Sister Maureen Patrice, CSC
April 5, 1927–December 27, 2021
We share news of the death of Sister Maureen Patrice (O’Keeffe), CSC, who died at 12:10 a.m. on December 27, 2021, in Saint Mary’s Convent, Notre Dame, Indiana. Sister Maureen Patrice entered the Congregation from Brookline, Massachusetts, on October 16, 1949. Her initial profession of vows took place on August 15, 1952.
Please join us in prayer for Sister as we renew our faith in the resurrected Jesus and strengthen our hope that all the departed will be raised to eternal life.
Sister Maureen Patrice was 69 years a professed Sister of the Holy Cross when she died during the midnight hour of December 27, 2021, in Saint Mary’s Convent, Notre Dame, Indiana. It had rained during the night and by morning, the motherhouse grounds were nearly as green as those of Ireland, where Sister’s life journey began 94 years ago.
Margaret O’Keeffe was born on a farm in Newmarket, County Cork, Ireland, on April 5, 1927. She was the youngest member of a large Catholic family. Her parents were Julia (Sheahan) O’Keeffe and Benjamin R. O’Keeffe. Her seven siblings were Daniel, Robert, Timothy, Patrick, Benjamin, Sara and Mary, all of whom predeceased her. One of her siblings was also a religious, Sister Ursula, a Rosminian Sister of Providence, also known as Sisters of Providence of the Institute of Charity (SPR). Since Margaret’s mother died when Margaret was a baby, she was reared by her aunt and uncle, Molly and Jeremiah Sheahan, on a farm near her father’s farm. She attended Catholic schools, added “Mary” to her name when confirmed, and graduated from high school in 1946. Soon afterwards, she departed for the United States to visit extended family in Boston, Massachusetts. Among them were two aunts who were Sisters of St. Joseph of Boston (CSJ). Settling in the Boston area, Margaret obtained a live-in housekeeping position with a Jewish family with two children. Their father was a rabbi. Since childhood Margaret wondered if one day she might enter the convent. That thought resurfaced after meeting Sisters of the Holy Cross as she bicycled along the beach near the house. The sisters ministered at Holy Cross Academy in Brookline, Massachusetts. Their friendliness to her and their joyful life in community led in a short time to the young housekeeper’s decision to enter the Congregation in 1949 “to work for God.” At the time of her reception of the holy habit on August 15, 1950, at Saint Mary’s, Notre Dame, Indiana, she received her new name in religion, Sister Maureen Patrice. Sister retained the name for the rest of her life, presumably because it evoked her Irish heritage.
Sister’s first ministry assignment from 1951 to 1954 was that of sacristan in the Church of Our Lady of Loretto at Saint Mary’s. For the following 17 years, she ministered in several places in the Eastern Province in loving service to each local community. As a “household sister,” she had positions as a cook, housekeeper, driver, sacristan and others. She spent only one year in Abington, Pennsylvania, but while there, she won 50 dollars’ worth of books at an educational convention and donated them to the school’s library. In November 1955, she became a naturalized citizen of the United States of America at a courthouse in Philadelphia, Pennsylvania, only then learning she already had dual citizenship since her father had been born in St. Louis, Missouri. Other assignments were to The Academy of the Holy Cross and Saint Angela Hall in Kensington, Maryland, and Holy Cross Academy. During those years, she completed courses in theology, pastoral ministry, geriatrics and dietary studies. Sister Maureen Patrice’s deep faith in God was evident to the sisters with whom she lived as were the many talents she exhibited in her duties. Examples include her culinary excellence and the beautiful floral arrangements she created.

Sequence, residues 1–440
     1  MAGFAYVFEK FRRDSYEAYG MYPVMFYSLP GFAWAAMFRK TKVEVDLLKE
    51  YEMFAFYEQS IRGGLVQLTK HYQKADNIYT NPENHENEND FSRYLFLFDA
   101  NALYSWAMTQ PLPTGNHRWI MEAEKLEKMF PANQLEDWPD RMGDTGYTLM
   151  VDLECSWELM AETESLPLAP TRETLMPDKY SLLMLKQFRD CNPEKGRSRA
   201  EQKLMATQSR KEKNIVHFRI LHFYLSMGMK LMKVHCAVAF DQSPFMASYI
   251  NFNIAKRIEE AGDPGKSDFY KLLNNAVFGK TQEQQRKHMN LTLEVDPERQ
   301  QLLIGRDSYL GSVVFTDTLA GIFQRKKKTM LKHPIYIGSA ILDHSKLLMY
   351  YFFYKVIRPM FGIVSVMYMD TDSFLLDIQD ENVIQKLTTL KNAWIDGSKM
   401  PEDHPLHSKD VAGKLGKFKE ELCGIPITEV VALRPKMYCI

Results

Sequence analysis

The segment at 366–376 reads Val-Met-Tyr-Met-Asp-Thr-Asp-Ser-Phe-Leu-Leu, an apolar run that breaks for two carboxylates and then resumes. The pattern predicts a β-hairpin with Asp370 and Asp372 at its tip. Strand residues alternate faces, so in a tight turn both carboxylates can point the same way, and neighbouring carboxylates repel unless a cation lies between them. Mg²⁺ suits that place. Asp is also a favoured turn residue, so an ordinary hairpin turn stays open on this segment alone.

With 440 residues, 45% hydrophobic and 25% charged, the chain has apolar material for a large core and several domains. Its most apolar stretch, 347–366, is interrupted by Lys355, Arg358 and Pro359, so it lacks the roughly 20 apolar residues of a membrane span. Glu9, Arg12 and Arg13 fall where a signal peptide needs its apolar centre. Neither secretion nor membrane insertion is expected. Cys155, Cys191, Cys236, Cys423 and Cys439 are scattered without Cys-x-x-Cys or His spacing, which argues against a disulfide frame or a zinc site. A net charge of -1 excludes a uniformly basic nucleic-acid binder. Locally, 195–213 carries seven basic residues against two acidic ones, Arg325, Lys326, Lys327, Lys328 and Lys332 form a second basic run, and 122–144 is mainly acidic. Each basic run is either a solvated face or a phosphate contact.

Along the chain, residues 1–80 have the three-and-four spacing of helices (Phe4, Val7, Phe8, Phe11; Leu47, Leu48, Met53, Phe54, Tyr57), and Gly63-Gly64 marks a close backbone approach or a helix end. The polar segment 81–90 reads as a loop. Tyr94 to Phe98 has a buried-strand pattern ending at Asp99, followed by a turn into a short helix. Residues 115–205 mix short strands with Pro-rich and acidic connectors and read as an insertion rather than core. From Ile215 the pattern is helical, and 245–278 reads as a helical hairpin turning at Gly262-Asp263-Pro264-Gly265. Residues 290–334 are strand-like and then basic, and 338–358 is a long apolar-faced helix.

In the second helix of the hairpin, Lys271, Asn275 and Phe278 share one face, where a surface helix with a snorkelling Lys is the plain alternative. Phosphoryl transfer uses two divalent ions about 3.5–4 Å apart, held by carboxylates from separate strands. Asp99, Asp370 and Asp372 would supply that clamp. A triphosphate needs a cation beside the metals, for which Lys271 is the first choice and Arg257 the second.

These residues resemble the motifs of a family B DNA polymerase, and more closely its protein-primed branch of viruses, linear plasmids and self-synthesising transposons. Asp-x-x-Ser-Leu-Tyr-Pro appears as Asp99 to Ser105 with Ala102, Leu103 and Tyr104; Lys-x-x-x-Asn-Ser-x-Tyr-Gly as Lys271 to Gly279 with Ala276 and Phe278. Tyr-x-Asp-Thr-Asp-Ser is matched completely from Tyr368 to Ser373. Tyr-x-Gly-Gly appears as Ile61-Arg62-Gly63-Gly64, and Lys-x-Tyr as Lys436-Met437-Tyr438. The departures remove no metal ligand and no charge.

In 1971, Sister Maureen Patrice returned to Saint Angela Hall, where she served as superior and chief administrator to a retirement community of about 40 sisters from 1979 to 1984. The sisters deeply appreciated her compassion and concern for them. When her term as superior ended in 1984, she visited family in Ireland for the first half of a sabbatical year. On her return to Maryland, she spent the remainder of her sabbatical visiting the elderly and the sick as a volunteer in Our Lady of Lourdes Parish in Bethesda, Maryland. It was there that she was compared to Mother Teresa of Calcutta. The locals affectionately called her “Mother Teresa of Bethesda.” Her car’s Maryland license plate started with the tag TLM. Parishioners said the initials stood for Tender Loving Maureen. The pastor, Monsignor William O’Donnell, was so pleased that he had hired her to minister full time. For 22 years, from 1984 to 2006, she gave herself wholeheartedly to this mission while living at The Academy of the Holy Cross Convent. Monsignor O’Donnell gave her a lasting tribute at the time of her retirement in 2006: “Sister Maureen Patrice has the gift of caring for the sick and the elderly with patience and love. In addition, she has familiarized herself with the resources in the community that support this type of service. She shares this expertise not only to those in the parish that need such assistance but also to members of the general community. She is well known and loved throughout the parish and general community.”
In 2008, Sister moved to Saint Mary’s Convent. Community life provides the opportunity for many friendships, such as hers with Sister Miriam Andre (Williams), CSC, who died in 2007. Sister Maureen Patrice leaves behind many caring sister friends, nurses and other staff at the motherhouse. After years of poor health, her life’s journey now ends in the Octave of Christmas. Light has dawned this new day for Sister Maureen Patrice and God is with her.
We invite you to donate to the Ministry With the Poor Fund in Sister’s name.—Written by Sister Grace Shonk, CSC